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The Philoctetes was produced at the Great Dionysia, late in March, 409 B.C., and gained the first prize1. Sophocles, according to the tradition, would then have been eighty-seven. Able critics have favoured the view that his choice of this subject was in some way connected with the return of Alcibiades2. It was in 411 B.C. that Thrasybulus had prevailed on the democratic leaders at Samos to send for Alcibiades, and to elect him one of the ten generals3,—a measure by which, as Grote says, ‘he was relieved substantially, though not in strict form,’ from the penalties of banishment. In 410 Alcibiades had been the principal author of the Athenian victory at Cyzicus. Thus, at the date of the Philoctetes, men's minds had already been prepared for his formal restitution to citizenship—which took place on his return to Athens in 407 B.C. It is easy to draw a parallel between the baffled army at Troy, with their fate hanging on an estranged comrade, and the plight of Athens, whose hopes were centred on an exile. Nay, even the passage where Philoctetes learns who have perished, and who survive, in the Greek army has been read as a series of allusions to dead or living Athenians. Then Neoptolemus is Thrasybulus: and the closing words of Heracles (“εὐσεβεῖν τὰ πρὸς θεούς”) convey a lesson to the suspected profaner of the Mysteries. Now, to suppose that Sophocles intended a political allegory of this kind, is surely to wrong him grievously as a poet. At the same time it must be recognised that the coincidence of date is really remarkable. It is not impossible that his thoughts may have been first turned to this theme by the analogy which he perceived in it to events of such deep interest for his countrymen4. But the play itself is the best proof that, having chosen his subject, he treated it for itself alone.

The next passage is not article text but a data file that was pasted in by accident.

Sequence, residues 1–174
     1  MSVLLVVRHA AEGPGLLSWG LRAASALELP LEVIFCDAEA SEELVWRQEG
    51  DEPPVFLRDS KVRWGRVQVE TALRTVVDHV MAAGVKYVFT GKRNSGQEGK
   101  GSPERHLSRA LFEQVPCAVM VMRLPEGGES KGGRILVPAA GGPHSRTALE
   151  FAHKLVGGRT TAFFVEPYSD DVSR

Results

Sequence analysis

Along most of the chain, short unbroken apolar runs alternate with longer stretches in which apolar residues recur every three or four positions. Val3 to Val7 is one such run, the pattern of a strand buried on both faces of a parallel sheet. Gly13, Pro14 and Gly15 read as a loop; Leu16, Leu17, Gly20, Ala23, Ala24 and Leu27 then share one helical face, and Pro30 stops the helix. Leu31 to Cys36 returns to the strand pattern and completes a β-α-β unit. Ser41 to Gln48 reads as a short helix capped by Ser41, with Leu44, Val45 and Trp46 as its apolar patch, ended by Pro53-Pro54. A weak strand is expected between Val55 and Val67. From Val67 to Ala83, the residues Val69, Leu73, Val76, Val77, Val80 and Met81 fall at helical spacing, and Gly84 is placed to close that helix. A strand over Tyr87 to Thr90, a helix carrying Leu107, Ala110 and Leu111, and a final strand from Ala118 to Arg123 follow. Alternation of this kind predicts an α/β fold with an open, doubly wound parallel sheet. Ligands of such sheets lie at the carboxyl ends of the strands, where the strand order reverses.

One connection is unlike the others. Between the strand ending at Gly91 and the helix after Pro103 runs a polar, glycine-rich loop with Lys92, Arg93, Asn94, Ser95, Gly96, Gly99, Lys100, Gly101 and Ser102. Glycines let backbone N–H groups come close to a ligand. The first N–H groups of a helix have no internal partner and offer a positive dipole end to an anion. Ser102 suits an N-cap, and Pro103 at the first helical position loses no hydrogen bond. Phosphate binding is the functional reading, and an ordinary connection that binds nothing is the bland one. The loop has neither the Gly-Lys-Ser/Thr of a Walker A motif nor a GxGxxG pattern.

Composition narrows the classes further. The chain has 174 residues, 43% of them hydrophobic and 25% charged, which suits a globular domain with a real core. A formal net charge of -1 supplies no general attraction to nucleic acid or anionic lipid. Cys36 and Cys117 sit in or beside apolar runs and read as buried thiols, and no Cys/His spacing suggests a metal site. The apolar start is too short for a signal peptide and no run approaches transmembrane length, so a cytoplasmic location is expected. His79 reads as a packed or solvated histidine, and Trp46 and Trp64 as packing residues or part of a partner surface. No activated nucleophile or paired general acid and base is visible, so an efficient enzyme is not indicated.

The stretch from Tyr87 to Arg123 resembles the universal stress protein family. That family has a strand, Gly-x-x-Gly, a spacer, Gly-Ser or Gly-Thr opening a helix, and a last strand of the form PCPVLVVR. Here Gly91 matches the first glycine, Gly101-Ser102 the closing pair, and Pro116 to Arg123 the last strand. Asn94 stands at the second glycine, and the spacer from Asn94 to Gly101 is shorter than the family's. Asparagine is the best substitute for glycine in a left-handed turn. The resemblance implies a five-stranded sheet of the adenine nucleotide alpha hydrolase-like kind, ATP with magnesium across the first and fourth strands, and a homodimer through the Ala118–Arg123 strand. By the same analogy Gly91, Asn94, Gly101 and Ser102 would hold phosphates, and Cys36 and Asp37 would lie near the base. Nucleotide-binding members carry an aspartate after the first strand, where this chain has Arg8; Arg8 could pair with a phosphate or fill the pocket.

1 See the second Argument to the play, p. 4.

2 Sch Ad.öll, Sophokles. Sein Leben und Wirken. (Frankfort, 2nd ed. 1870.) Lenormant Ch., in the Correspondant of July 25, 1855. M. Patin (Sophocle, p. 125) mentions, as the earliest expression of such a view, an art. by M. Lebeau jeune in the Mém. de l' Acad. des Inscriptions, vol. XXXV.

3 Thuc. 8. 81, 82. The first overtures of Alcibiades had been made to the oligarchs in the army at Samos (ib. 47), and had led to the Revolution of the Four Hundred.

4 There is one passage in the Philoctetes, which, though it should not be regarded as a direct allusion to recent events, might certainly suggest that they were present to the poet's mind: see commentary on vv. 385 ff.

hide References (2 total)
  • Cross-references in notes from this page (2):
    • Thucydides, Histories, 8.47
    • Thucydides, Histories, 8.81
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